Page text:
News Deserts


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News is what brings a community together, but what happens when the public loses the news at a local level?  An abundance of “news deserts” provides an opportunity for innovation for failing local news outlets according to the Knight Chair in Journalism and Digital Media Economics at the University of North Carolina.

“If you have a publisher and an owner that is both innovative and disciplined as an entrepreneur they will share three characteristics …they will invest in their human capital…they understand that there’s not going to be one model that works for all news outlets…they take the long term view” said Penelope Muse Abernathy.

Abernathy has done extensive research for over a decade on her most recent report that came out in 2018 ,“The Expanding News Desert”, and the effects the decline of newspapers has on a local and national population. Abernathy spoke at the Must See Monday event at the Walter Cronkite School of Journalism to enlighten students, faculty, and the public on her years of research.

Often times local newspapers have quality journalists, but are lacking the strong business model and innovation that it takes for readers to stay engaged and newspaper business’s to continue to run . Abernathy illustrated an example of this to back up her point.

“You look at what’s happening in Colorado with the Denver Post. We basically had a group of those reporters that say we’ve had enough. One of the things I’ve been trying to do is work with foundations. One of the foundations there said we’ve got good journalists in here, what these people do not have is a business model,” said Abernathy.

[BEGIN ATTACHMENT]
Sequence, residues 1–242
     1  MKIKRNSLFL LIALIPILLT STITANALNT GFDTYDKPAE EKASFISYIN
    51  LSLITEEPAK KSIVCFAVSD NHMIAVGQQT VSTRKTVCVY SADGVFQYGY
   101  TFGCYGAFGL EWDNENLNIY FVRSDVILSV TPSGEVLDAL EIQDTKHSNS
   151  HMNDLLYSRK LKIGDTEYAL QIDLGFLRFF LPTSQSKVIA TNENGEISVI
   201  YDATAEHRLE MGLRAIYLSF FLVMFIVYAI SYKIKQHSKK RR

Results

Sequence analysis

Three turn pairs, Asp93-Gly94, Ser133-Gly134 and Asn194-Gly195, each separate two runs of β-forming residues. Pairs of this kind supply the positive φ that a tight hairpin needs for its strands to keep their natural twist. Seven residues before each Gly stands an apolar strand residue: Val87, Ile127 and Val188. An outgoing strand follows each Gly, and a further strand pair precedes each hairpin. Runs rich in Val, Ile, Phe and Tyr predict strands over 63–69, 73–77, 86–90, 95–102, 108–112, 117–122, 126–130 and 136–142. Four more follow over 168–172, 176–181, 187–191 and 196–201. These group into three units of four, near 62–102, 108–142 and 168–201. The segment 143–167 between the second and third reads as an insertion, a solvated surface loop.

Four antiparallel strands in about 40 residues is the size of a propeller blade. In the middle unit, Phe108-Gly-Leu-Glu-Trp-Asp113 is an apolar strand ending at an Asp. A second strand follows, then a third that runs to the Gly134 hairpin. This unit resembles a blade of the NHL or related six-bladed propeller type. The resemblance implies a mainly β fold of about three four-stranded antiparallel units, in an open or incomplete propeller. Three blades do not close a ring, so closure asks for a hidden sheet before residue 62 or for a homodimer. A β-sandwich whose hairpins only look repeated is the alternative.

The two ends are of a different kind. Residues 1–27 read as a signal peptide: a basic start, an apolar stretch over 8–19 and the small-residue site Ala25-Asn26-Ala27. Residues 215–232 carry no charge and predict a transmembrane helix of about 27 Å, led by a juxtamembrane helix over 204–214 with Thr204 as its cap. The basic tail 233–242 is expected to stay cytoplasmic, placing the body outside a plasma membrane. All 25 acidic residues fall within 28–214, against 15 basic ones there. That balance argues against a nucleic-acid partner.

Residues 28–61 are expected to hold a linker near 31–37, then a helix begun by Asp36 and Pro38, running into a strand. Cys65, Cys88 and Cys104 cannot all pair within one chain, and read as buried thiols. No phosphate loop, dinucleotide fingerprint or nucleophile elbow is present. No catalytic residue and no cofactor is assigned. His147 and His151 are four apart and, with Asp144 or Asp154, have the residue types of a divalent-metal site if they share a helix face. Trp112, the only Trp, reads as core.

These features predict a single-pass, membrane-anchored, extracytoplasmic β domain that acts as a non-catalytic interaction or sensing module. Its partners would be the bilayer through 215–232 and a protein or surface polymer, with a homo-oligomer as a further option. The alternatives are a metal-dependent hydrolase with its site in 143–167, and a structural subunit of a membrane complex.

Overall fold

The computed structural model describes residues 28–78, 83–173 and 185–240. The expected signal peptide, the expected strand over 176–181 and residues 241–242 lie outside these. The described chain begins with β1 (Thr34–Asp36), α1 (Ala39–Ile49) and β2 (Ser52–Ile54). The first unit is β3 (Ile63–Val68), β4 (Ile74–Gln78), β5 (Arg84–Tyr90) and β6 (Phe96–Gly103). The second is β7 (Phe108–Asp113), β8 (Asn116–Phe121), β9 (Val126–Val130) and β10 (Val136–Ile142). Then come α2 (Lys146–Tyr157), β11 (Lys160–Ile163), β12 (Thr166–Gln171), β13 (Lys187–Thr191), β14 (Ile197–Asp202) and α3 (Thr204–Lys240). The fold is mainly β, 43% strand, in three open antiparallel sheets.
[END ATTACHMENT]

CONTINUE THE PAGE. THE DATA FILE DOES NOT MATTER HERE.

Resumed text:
Abernathy focused on the idea that local news outlets provide the inside perspective of what a national news story can’t have. A trending way of accomplishing such a task is in partnerships.

One start-up digital magazine, Scalawag, partnered with a small weekly in Columbus County to do an extensive piece on the opioid crisis(https://www.scalawagmagazine.org/2017/12/blue-in-columbus-county-2/). Abernathy said the writer was able to illustrate the opioid crisis not only on a national level, but a regional level. The article brought out local hospitals to do some charity work in the area in efforts to help the opioid crisis. 

“I think we often think of news in the broad national sense, but really a lot of where news coverage impact comes from is in the local communities where a lot of the daily work is being done. I think that it really doesn’t get enough credit,” said attendee Sabine Galvis.

“Local issues tend to have more of an impact individually on that local area rather than national things do on local areas.” Said another attendee Michael Patton. 

With the help of technology readers are able to access an unlimited amount of information on a national level. What the readers are missing, according to Abernathy , is the news that feeds our democracy. This type of news provides information on where to vote, who to vote for, and why an issue is occurring in a regional area.

“If you’re not getting that information than you don’t know what’s going on,” said another attendee Hailey Rein, “being informed is a big part in being active in your community.”

Rein portrayed her difficulties in locating information on the recent voting season. “Trying to find people beyond just the governor was really hard. How can I make an educated decision on something if no one reports on what’s going on?” said Rein.

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